Vivus, Arena Drugs Fail to Burn Americans' Prodigious Fat

MOUNTAIN VIEW, Calif. ( TheStreet) -- Vivus ( VVUS) can't convince enough fat Americans to try its weight-loss pill Qsymia despite spending a ton of cash on marketing and free drug giveaways. At its current burn rate, Vivus will need to raise more money no later than the second half of the year.

Shares of Vivus were down 12% to $10.96 in Tuesday trading.

The dismal $2 million in Qsymia sales reported by Vivus in the fourth quarter is a harbinger of doom for Arena Pharmaceuticals ( ARNA), which along with partner Eisai is expected to launch its weight-loss pill Belviq next month. Belviq barely manages to help patients lose any meaningful weight, but will cost significantly more than Qsymia.

Let's first tackle Vivus because the company turned in an ugly quarter Monday night. The $2 million in Qsymia sales was $1 million short of downgraded analyst consensus for the fourth quarter. How downgraded? Last fall, analysts on average were looking for more than $24 million in Qsymia sales during the December quarter.

Vivus spent more than $50 million in SG&A to generate those $2 million in Qsymia sales in the fourth quarter. Add in R&D costs and Vivus' total operating expenses topped $58 million. Cash and marketable securities fell by $61 million sequentially. Vivus ended last year with $213 million in the piggy bank and refused to offer any spending guidance for 2013 except to acknowledge that marketing expenses for Qsymia will remain high.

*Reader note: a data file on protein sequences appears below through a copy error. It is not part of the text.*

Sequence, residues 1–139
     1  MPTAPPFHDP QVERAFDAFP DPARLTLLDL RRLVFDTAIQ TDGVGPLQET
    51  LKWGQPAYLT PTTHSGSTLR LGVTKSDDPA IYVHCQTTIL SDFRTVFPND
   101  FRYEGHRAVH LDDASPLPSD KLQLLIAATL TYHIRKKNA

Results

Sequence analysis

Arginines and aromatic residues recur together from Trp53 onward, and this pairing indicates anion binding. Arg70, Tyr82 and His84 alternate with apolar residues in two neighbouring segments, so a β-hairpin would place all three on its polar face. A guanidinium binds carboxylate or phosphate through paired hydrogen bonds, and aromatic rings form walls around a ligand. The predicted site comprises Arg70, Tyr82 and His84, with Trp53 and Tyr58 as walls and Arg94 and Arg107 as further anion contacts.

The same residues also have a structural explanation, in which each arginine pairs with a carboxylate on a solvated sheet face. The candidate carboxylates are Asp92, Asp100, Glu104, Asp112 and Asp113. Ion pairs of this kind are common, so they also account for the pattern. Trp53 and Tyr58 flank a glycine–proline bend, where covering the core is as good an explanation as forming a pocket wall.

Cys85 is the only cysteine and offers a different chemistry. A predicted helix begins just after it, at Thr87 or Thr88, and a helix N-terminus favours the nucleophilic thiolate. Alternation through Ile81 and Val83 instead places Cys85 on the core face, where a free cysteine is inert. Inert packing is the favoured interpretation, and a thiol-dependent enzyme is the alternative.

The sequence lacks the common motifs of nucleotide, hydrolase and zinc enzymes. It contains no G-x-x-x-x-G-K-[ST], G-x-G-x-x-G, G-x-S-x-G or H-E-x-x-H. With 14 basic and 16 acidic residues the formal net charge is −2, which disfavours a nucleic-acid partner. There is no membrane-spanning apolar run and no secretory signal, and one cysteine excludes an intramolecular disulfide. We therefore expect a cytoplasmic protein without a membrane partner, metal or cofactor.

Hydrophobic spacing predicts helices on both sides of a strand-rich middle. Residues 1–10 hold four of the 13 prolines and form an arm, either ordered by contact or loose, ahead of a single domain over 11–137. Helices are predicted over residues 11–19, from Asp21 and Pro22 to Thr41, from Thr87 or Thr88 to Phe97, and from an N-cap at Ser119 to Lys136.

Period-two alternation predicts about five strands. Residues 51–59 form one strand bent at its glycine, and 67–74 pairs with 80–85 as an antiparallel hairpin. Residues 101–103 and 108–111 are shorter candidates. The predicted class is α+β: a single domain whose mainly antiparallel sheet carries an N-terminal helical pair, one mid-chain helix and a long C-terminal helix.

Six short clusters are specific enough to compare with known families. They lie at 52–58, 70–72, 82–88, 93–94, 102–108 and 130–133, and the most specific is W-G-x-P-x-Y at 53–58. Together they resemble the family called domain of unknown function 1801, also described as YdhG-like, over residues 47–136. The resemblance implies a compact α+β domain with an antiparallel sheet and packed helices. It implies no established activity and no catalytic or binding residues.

Even if Qsymia sales pick up, Vivus' current and expected rate of spending means there's less than a year's cash remaining.

For the four-week period ending on Feb. 15, Vivus shipped 17,383 Qsymia prescriptions, a 34% increase over the previous four-week period ended on Jan. 18. That sounds like encouraging script growth, except it's down from 68% growth in the four-week period between November and December last year. Vivus deserves a pass for the December holiday month -- no one wants to lose weight during Christmas -- and sure enough, the number of Qsymia scripts shipped was flat.

Bottom line: The rate of Qsymia script growth is falling despite the company offering freebies and other marketing inducements. Vivus continues to blame Qsymia's poor performance on the hassle of mail-order pharmacy requirements and believes sales will take off once patients can buy the drug at their neighborhood pharmacy. FDA's decision on liberalizing the drug's distribution restriction is expected in April. There's certainly some truth in this spin but Qsymia has a tremendously long way to go before sales reach a meaningful level. The idea that Qsymia might one day achieve blockbuster status or help Vivus generate a profit seems more fantasy than an achievable goal.

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